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  11. #11
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    nah Im not advocating an EAV at all, I think they do have a role in our lives but not that often

    If what I think the OP's requirement is, is a mechanism to record details of tests/ observations on specific patients

    it depends on what the original requirement is
    if there are going to be a consistent battery of tests/recordings, ie there are truly 40 tests per timeslot then the single table with 40 columns, one for each test is reasonable.

    if however its a mixed battery of tests (al la carte so to speak) then the 40 column appraoch wont wash

    Ive seen a research db where there were a predetermined batch of tests (or being more cynical tick boxes) that requried checking. ie there were standardised procedures, however they also had other addon tests which were requested on an adhoc basis
    I'd rather be riding on the Tiger 800 or the Norton

  12. #12
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    Quote Originally Posted by healdem
    if however its a mixed battery of tests (al la carte so to speak) then the 40 column appraoch wont wash
    Why not? Just leave inapplicable ones NULL....
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  13. #13
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    Thanks for the help, guys. I'd say the point you both made about the volatility of the tests in a medical setting is certainly a good one. But as I said, for this study the amount of variables measured on the time series should remain more or less fixed. So I guess i'm able to work on that assumption. Of course one might want to store additional data (e.g weight, height) in the database, but that should be simple and I am now mostly concerned about storing the time series data.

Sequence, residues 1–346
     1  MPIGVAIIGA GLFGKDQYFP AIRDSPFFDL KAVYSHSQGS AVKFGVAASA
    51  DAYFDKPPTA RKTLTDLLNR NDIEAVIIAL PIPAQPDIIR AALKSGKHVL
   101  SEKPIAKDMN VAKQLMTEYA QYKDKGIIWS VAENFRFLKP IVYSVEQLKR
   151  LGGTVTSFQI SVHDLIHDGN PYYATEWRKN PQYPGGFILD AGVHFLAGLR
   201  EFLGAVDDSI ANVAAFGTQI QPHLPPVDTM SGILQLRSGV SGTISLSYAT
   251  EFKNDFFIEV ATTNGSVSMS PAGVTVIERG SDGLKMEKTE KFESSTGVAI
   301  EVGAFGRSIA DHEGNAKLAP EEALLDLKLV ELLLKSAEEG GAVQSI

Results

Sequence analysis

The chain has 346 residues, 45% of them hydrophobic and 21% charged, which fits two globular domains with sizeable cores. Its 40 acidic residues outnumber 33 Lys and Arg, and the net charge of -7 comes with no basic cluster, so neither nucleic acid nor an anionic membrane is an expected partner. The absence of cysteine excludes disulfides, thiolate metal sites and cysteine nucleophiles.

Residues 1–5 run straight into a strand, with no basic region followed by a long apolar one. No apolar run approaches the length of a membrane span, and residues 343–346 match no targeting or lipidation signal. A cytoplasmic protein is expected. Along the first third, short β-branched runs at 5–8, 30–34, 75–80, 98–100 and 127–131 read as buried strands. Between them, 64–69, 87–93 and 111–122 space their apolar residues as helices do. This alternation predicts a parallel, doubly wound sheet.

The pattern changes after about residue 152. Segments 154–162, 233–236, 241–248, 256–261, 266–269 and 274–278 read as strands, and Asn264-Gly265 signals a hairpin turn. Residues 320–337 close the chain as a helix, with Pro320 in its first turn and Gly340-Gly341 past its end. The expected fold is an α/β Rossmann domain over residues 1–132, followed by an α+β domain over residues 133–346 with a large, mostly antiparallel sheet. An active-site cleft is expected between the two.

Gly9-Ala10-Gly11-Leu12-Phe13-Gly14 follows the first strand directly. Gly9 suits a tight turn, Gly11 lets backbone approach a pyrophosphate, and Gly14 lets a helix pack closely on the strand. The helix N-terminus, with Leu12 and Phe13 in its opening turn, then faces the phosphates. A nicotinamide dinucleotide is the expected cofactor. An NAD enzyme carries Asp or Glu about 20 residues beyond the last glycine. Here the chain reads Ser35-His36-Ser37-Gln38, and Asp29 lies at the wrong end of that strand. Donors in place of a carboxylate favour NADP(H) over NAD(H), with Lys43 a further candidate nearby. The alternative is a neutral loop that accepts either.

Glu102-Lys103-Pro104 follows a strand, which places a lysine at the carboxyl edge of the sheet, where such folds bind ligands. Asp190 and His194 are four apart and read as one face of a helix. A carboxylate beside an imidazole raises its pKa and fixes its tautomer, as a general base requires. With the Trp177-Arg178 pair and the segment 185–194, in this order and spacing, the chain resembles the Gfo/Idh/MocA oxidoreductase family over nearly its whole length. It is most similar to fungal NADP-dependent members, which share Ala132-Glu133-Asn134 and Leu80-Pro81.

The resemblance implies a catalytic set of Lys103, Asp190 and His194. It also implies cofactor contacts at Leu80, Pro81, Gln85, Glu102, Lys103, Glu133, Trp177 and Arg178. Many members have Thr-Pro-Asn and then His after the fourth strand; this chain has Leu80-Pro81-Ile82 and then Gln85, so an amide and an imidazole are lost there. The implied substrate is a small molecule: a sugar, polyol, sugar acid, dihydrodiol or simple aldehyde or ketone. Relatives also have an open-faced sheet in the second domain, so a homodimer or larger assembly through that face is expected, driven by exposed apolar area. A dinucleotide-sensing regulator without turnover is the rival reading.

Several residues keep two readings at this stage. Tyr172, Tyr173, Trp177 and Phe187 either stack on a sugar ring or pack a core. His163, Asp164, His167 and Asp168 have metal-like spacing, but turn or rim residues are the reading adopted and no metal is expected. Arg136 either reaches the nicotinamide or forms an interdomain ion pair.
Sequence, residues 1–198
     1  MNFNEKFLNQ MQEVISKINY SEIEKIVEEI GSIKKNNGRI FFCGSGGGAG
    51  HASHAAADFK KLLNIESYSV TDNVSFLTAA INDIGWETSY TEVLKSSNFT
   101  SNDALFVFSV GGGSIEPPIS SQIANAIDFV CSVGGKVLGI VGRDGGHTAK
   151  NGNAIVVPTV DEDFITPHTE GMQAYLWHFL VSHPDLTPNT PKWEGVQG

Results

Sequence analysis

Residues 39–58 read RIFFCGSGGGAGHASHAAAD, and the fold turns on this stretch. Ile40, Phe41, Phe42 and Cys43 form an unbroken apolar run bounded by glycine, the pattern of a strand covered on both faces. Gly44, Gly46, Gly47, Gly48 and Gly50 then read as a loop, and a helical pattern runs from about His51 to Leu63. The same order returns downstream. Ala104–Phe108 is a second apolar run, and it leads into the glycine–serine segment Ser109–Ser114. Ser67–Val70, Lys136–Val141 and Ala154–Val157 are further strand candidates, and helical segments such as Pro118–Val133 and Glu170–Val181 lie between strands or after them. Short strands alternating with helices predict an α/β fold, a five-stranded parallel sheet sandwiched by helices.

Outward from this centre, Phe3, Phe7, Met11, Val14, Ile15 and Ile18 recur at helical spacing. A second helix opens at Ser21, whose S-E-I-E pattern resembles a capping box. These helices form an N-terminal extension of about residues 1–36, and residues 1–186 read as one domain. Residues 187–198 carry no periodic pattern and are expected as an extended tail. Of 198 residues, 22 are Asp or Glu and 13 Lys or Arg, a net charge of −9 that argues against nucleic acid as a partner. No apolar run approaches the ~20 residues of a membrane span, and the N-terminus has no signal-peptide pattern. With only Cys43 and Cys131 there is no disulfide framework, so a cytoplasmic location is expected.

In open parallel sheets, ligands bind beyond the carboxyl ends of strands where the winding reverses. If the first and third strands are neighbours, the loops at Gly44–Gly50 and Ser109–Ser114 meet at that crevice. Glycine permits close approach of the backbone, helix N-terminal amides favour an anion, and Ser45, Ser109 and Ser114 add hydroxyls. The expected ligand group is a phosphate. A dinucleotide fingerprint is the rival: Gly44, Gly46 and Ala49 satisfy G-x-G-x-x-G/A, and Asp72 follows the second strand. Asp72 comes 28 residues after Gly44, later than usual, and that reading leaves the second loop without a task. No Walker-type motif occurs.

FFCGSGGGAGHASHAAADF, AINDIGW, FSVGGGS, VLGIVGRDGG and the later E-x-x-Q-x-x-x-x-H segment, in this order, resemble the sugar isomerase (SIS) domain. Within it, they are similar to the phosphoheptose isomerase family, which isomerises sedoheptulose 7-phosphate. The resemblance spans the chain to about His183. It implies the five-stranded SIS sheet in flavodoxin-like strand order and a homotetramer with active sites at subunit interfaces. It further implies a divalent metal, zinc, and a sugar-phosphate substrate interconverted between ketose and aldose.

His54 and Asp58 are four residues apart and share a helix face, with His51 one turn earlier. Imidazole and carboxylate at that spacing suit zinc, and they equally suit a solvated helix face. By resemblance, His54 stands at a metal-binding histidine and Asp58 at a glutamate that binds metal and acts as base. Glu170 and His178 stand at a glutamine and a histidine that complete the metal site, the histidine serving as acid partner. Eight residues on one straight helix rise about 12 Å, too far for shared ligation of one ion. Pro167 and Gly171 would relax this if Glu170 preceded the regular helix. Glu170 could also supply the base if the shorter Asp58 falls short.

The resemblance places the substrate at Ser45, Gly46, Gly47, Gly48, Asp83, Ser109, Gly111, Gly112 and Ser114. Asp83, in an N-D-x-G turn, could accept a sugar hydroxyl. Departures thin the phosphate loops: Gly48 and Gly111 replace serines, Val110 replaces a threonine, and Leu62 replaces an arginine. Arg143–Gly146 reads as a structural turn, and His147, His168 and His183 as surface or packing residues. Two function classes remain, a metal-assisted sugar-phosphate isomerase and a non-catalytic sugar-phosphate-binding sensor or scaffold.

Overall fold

Quote Originally Posted by pootle flump
    I would add patient id into the table and make the pk a composite of (patient id, timepoint).
    Yes, i think this would work. So all the time series data of all the patients would be stored in a single table. I guess it's not a problem for a modern dbms to store it this way.

    So I think, I should have a table for patients, with the 'patient id' as an attribute matching the 'patient id' attribute in the table for the time series data. The table for patients could contain additional patient info as attributes.

    Sounds alright to you guys?

  14. #14
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    Quote Originally Posted by solonitsyn
    Sounds alright to you guys?
    Sounds spot on to me. Can't speak for "set a man on fire" though

    Quote Originally Posted by solonitsyn
    I guess it's not a problem for a modern dbms to store it this way.
    Better than that - it is how all RDBMSs (modern or otherwise) are intended & designed to store data.
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  15. #15
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    Glad to hear!

    Ok, that will get me started then. Will probably be back for more dumb questions once i really get to it! Thanks again.